Report from first world meeting of Gypsy Priests, Deacons and Religious
The First World Meeting of Gypsy Priests, Deacons and Religious Men and Women, held in Rome from 22 - 25 September issued a statement yesterday.
Promoted by the Pontifical Council for the Pastoral Care of Migrants and Itinerant People, the conference focussed on the theme: "With Christ at the Service of the Gypsy People". The 40 participants included 33 consecrated Gypsies from nine countries in Europe and from Brazil. The document has three parts: a report on the Meeting day by day, interventions and reports; conclusions; recommendations.
The report affirms that "the time has come for the consecrated Gypsies to endeavour so that the popular image of Gypsies as poor people who need help, will be overcome.
It says that "efforts need to be made with other members of the Church so that they too will consider themselves poor and in need of accepting the human and spiritual riches the Gypsies bring".
Besides highlighting the great diversity of the real living conditions of the Gypsy people from one country to another, the report says: "Contemporary Gypsy culture is in a stage of change because of technological development, the influence of the mass media and literacy, which offers new possibilities for evangelisation. For this reason, Gypsies are increasingly aware of their own dignity and, at the same time, feel the need to work for the human promotion of their brothers and sisters from their ethnic group". "It was confirmed that every service must be carried out in Christ and with Christ because in this way a human being can discover not only his own greatness and dignity and also that of others. Then the interpersonal services inspired by service make it possible to create an authentic culture of acceptance, solidarity and charity."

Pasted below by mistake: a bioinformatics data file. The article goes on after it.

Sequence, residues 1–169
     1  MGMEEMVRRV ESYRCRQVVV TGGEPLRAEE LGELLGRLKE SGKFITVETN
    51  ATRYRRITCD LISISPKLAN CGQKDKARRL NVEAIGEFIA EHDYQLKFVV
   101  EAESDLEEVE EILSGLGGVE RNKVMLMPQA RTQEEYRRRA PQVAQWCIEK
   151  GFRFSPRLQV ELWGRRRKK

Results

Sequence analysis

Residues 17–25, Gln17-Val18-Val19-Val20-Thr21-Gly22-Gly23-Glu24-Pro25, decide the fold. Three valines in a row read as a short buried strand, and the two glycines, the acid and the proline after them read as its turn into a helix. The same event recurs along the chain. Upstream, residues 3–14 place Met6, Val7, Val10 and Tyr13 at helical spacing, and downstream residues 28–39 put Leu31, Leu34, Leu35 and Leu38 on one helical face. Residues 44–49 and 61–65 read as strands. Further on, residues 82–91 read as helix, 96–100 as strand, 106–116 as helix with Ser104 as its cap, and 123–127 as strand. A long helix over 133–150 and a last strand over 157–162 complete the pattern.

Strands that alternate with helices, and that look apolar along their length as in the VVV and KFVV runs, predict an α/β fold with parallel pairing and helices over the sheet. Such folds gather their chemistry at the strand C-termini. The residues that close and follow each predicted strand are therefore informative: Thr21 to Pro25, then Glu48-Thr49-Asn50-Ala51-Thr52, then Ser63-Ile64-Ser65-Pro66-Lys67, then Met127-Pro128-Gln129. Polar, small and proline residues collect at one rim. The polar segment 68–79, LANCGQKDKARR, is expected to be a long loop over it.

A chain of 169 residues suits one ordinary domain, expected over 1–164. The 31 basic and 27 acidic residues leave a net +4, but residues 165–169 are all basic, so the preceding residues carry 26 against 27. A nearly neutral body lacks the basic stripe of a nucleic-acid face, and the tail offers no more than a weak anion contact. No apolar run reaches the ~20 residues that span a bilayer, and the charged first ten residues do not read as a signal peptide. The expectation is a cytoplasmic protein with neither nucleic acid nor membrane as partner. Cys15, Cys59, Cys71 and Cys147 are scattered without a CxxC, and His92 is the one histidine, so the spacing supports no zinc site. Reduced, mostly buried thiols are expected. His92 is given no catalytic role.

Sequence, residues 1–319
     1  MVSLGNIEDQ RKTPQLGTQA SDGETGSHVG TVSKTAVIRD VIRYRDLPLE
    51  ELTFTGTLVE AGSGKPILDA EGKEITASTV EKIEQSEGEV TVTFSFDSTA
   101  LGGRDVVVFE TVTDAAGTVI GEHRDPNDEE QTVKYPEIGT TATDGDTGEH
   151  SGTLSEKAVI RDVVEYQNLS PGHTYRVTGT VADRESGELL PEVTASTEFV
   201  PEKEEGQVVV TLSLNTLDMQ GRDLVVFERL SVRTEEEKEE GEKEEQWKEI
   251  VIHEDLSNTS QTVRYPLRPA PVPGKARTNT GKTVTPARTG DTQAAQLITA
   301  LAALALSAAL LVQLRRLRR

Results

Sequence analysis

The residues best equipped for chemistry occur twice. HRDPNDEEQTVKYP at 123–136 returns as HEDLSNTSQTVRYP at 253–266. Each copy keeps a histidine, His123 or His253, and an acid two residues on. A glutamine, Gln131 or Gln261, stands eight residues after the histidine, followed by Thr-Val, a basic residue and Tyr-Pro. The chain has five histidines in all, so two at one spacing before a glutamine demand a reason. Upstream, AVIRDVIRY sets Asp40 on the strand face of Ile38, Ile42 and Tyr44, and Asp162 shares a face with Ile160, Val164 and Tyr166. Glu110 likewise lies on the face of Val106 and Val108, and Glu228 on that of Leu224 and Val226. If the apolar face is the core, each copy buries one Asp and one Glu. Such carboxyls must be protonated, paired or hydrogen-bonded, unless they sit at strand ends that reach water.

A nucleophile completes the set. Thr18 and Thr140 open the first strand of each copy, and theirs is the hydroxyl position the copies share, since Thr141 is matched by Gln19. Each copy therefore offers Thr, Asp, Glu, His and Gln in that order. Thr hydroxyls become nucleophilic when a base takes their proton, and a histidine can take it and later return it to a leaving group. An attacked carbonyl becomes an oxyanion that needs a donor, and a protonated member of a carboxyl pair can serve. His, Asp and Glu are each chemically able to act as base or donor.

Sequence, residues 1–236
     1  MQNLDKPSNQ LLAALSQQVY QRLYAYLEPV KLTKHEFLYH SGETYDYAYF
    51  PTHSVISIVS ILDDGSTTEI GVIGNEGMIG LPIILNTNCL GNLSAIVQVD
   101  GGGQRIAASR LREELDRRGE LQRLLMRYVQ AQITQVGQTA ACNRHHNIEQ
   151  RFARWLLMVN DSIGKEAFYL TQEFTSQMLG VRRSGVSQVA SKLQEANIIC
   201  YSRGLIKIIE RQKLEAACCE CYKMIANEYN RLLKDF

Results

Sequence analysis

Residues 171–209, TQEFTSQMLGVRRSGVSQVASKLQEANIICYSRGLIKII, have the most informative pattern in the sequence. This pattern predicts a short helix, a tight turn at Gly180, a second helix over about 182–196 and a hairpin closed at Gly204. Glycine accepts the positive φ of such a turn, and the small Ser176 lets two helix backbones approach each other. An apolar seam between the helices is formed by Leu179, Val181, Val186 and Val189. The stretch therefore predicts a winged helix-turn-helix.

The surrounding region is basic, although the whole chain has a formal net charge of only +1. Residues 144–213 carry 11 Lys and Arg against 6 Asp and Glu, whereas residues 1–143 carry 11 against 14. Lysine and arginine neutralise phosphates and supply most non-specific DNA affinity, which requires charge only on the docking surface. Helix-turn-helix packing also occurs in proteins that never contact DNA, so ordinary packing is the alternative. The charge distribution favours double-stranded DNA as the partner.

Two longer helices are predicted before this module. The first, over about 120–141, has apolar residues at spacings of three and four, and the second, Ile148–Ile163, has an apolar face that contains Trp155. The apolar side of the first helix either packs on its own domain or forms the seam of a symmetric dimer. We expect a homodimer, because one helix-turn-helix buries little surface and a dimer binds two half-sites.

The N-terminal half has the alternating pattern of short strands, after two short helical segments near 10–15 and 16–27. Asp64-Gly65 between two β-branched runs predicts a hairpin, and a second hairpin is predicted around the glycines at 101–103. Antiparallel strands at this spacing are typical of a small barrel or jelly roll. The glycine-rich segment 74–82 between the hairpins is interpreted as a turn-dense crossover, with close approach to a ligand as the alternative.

Various proposals and recommendations made during the meeting, include: more collaboration between the Church and Gypsy communities; greater effort to ensure special pastoral care for gypsies and to existing activity of pastoral workers; the possibility of creating structures similar to an apostolic Prelatures; encouraging the presence in every country of pastoral care "devoted exclusively to the mission to evangelise and human promotion among the Gypsy people "; the promotion of formation of catechists to evangelise among the Gypsy people, "with special attention for Gypsy women as bearers of human and religious values in the family"; "the work of integration must start from the family, basic nucleus of every human group, fundamental place for education to dialogue, sharing and creative and constructive relations".
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